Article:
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Crazy for carrots

Written by garden apprentice Sophie.

Has anyone ever asked you this trick question? What’s 1+1? 2+2? 4+4? 8+8? Name a vegetable?

Most people say carrots, it’s a good trick to catch people out. Can you read their mind? Or are carrots just growing in our thoughts. They help us see in the dark right? Bugs bunny put himself in constant danger for the humble carrot. So did peter rabbit come to think of it. Carrots are used in lots of different cuisines and are familiar to people in many parts of the world. Here in Britain, we eat them all year round, in soups, raw in salads and roasted at Christmas.

We are all of course familiar with the orange carrot. It came to Britain in the 16th century from Holland where the original red, purple, black, yellow and white varietals were hybridised to today’s bright orange, with its potent dose of beta carotene. India, China and Japan had established carrots as a food crop by the 13th century. So, we were fashionably late to the party. In Europe they were prescribed for medicinal purposes, the Romans even called them ‘Philtron’ and used them as a love medicine. It’s even said the Elizabethans used the feathery stalks as decoration in their hair. Today many people use the stalks to make pesto.

Carrots originated in modern-day Iran and Afghanistan, they are drought resistant and take up little space. They can be sown regularly from early spring. The first carrots in the walled garden at Fulham Palace were sown in mid-March and are now ready to be eaten. We have five varieties – including purple carrots – they are sown in succession every two weeks so we can regularly harvest and avoid a glut of produce.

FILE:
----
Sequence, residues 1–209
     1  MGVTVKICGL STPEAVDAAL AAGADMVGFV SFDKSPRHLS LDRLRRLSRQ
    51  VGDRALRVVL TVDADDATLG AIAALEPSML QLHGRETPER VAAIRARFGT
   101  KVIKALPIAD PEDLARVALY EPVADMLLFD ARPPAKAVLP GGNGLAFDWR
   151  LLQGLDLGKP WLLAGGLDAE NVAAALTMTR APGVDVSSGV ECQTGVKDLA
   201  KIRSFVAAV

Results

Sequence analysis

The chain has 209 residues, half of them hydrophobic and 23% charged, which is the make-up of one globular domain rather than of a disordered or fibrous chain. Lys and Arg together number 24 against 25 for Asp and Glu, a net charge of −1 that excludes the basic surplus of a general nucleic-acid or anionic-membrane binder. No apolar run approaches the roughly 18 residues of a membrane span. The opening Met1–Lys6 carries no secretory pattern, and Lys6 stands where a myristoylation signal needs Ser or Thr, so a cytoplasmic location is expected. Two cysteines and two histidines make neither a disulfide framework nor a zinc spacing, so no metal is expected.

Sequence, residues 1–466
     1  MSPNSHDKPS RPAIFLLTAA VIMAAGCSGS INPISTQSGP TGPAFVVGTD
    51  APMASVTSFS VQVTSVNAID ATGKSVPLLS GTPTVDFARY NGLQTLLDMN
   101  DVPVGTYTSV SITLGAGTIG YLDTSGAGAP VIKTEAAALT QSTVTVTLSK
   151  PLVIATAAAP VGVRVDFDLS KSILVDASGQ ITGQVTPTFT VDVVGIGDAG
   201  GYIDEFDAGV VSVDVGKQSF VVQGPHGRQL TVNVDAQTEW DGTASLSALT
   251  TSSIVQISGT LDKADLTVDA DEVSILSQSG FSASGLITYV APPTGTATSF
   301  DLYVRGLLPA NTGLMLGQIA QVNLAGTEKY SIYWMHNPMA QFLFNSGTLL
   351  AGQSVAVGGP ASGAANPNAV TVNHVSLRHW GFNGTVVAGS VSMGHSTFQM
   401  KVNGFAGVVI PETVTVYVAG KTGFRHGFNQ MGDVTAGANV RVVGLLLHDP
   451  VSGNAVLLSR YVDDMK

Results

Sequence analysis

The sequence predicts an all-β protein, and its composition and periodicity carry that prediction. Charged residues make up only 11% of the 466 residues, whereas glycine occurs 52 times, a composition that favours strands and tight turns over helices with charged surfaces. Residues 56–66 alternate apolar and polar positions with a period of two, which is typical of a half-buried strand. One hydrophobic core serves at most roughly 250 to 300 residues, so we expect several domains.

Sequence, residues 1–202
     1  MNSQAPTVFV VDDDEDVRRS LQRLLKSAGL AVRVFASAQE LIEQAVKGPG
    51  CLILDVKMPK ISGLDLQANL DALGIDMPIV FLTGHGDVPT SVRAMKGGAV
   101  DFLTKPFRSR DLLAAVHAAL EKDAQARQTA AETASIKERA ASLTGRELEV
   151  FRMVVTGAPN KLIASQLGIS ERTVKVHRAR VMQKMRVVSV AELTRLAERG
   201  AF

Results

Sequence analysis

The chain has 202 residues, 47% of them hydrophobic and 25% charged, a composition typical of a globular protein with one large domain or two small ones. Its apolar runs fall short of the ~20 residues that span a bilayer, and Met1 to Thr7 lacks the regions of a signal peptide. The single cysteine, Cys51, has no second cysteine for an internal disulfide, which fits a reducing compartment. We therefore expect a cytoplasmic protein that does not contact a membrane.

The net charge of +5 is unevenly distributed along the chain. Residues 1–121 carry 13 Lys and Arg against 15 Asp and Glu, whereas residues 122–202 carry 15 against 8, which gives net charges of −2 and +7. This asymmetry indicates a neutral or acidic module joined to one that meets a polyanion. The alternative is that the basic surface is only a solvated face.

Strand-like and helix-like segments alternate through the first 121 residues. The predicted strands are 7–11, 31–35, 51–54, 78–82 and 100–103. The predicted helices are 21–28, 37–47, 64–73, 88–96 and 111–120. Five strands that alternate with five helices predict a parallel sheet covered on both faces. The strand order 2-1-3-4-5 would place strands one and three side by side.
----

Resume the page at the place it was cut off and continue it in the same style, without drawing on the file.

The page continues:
Carrots are in the Apiaceae family, the same as cow parsley, fennel, hemlock and celery. You might recognise the umbel shape of the flowers in all of them. Carrots are a relatively easy crop to grow but they do have some problems. The most well-known is the dreaded carrot root fly, whose larvae feed on the roots of carrots. The larvae tunnel into the developing carrots causing them to rot. But, we can stop the fly by making a carrot compound or carrot net which is a fine mesh net that stops the low-flying female flies. The net needs to be about 60 cm tall, the one in the walled garden is a bit taller at around 80 cm or four Edmunds tall. It creates a border or wall around the edge of the bed but is open at the top.

Carrots are also susceptible to aphids, they feed on the soft shoots and excrete sap which can also cause mould to grow. To help prevent the attack of aphids we have companion planting, we have planted marigolds as well as onions. The onions’ scent works as a deterrent to the carrot fly.

The other problem I have come across specific to Fulham, thankfully not rabbits, is the appearance of some unwanted potatoes. We work on a crop rotation in the veg garden, which is another measure we take to prevent pests. By rotating, we stop the build-up of a crop’s specific pest in one area. The bed the carrots are in now was last year’s potato bed, I have discovered not all of the potatoes were happy to leave which is not ideal for the little carrot seedlings to be disturbed by huge potatoes. Nevertheless, I have dug out and cut back and pruned where I can, and seem to have won the battle.

If I say so myself, the carrots have turned out very well so far. Pop down to the walled garden to marvel at the carrot fortress and head straight to the barrow if you fancy taking some carrots home.

The walled garden barrow sells organically produced vegetables, plants and fresh-cut flower bouquets all grown right here at the Palace!